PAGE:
Over the last few years, the way Americans move around has changed remarkably, especially among young people. Previously the automobile was people’s preferred, if not the only, option. Now they are choosing to walk, bike, or use public transport according to recent studies.
This difference in preferred transportation methods has generated many benefits not only for residents but also for cities, in both economic and social terms.
The Seattle Art Museum (SAM) has unveiled initial designs by 2016 AIA Architecture Firm of the YearLMN Architects for the upcoming renovation and expansion of the Asian Art Museum. The plans comprise an expansion containing a 2650 square foot art gallery and event space, as well as preserving the museum’s historic Art Deco façade and bringing the museum to modern standards of climate control, fire safety and seismic system upgrades. The historic building was placed on the National Register of Historic Places in July 2016.
City Guide publisher Blue Crow Media and Deane Madsen, Associate Editor of Design at Architect Magazine, have collaborated to produce the Brutalist Washington Map, which features 40 examples of Brutalist architecture in Washington, D.C. This is Blue Crowe's fourth architectural guide map, following their Brutalist London Map, Art Deco London Map, and Constructivist Moscow Map. One can only expect further releases on the horizon.
This year’s installment of the National Building Museum’s Summer Block Party Series, James Corner Field Operations’ ICEBERGS, is now open to the public. On display until September 5th, ICEBERGS takes the form of a shimmering, underwater world of glacial ice fields located in the museum’s expansive Great Hall to provide the public with an escape from the hot Washington, D.C. summer.
Seattle’s first Center for Architecture & Design(CFAD), led by AIA Seattle, the Seattle Architecture Foundation, Design in Public and the AIA Washington Council, will celebrate its grand opening March 5. Located in Pioneer Square, this new civic hub will offer powerful year-round exhibitions, events and classes that explore how design shapes and inspires vibrant communities. You can learn more about CFAD Seattle, which was designed by local firm Suyama Peterson Deguchi, here.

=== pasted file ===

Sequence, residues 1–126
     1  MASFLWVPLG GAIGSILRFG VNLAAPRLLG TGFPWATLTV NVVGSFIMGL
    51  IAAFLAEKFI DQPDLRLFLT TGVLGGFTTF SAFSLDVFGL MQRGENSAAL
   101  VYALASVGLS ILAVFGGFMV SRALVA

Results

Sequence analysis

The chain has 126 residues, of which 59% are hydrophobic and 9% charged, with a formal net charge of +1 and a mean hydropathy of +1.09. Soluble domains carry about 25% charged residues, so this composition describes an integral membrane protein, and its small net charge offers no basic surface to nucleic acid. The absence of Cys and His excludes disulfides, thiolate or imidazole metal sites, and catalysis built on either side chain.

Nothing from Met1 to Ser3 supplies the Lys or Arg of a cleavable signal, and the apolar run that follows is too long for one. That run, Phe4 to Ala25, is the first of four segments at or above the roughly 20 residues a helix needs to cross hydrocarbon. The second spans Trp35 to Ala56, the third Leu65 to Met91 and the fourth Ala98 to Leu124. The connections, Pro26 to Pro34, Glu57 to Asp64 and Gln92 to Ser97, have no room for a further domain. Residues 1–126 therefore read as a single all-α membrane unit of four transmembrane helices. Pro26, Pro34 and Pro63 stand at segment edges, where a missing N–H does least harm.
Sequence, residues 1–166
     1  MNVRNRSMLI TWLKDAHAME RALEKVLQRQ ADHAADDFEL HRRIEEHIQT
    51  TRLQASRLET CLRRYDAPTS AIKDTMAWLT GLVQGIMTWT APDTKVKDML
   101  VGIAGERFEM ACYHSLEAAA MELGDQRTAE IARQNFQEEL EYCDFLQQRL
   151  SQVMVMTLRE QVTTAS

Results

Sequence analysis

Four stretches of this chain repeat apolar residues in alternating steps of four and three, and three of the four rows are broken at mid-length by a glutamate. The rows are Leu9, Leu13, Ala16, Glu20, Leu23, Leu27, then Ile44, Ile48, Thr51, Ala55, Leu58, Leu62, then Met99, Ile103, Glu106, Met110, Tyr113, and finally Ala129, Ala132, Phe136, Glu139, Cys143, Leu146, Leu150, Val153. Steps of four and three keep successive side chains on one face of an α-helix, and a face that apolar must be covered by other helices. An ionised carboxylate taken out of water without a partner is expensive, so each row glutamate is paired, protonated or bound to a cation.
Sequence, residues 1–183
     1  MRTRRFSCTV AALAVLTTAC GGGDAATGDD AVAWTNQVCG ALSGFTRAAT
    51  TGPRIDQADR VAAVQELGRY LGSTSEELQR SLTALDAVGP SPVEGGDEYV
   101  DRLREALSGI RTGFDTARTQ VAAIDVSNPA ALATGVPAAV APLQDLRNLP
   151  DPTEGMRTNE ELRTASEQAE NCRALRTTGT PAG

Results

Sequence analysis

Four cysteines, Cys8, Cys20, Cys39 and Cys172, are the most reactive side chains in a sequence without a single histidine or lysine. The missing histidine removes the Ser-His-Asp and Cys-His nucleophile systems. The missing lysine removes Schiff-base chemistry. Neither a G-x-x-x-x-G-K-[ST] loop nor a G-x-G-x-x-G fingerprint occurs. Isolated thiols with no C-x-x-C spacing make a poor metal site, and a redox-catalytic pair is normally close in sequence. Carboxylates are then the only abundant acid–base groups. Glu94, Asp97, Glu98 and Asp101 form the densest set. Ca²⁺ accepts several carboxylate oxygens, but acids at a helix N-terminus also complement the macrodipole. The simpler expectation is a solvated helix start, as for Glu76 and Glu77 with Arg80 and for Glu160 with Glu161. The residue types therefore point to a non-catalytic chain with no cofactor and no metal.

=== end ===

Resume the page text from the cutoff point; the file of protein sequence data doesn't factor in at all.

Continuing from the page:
“LMN Architects exemplify the best in architecture firm culture,” said 2015 AIA President Elizabeth Chu Richter, FAIA. “Not only is their work proof of this, but the amazing talent they are cultivating will have a reverberating impact on the profession for years to come.”
Earlier this month, after viewing the contenders in the US World War I Centennial Commission’s competition to redesign the National World War I Memorial in Washington DC, organizations like The Cultural Landscape Foundation began to began to voice their opinion regarding the reach of the competition. With the cultural importance of the site in mind, such organizations had hoped that the redesign would maintain the existing Pershing Park, but were disappointed to discover that the majority of the competition’s design proposals seek to demolish the existing landscape.
Although left off of the competition’s shortlist, KAMJZ Architects’ proposal for the World War I memorial addresses these concerns by leaving Pershing Park almost completely intact. Leaving alone the park’s seating areas, agora, and landscaping, the design proposal unifies the park by adding an outer ring of trees “along the borders of the site [to] provide an acoustic barrier from the noisy adjacent streets.”
A variety of project designs, such as public elementary and high schools, charter schools, and higher education facilities, were submitted to the Committee, many of which incorporated “informal and flexible spaces for collaboration and social interaction adjacent to teaching spaces,” as well as staircases with amphitheater or forum designs.
Find out which projects received awards, after the break.
A new aerial sculpture by renowned artistJanet Echelman has been installed at the Bill & Melinda Gates Foundation campus in Seattle. Entitled "Impatient Optimist," the sculpture consists of a custom net structure suspended above the courtyard, resulting in an ethereal floating surface which seems to defy gravity. The award-winning artist's piece hovers above the city as a symbol of connectivity and stands as a testament to the impact an individual can have on a broader scale.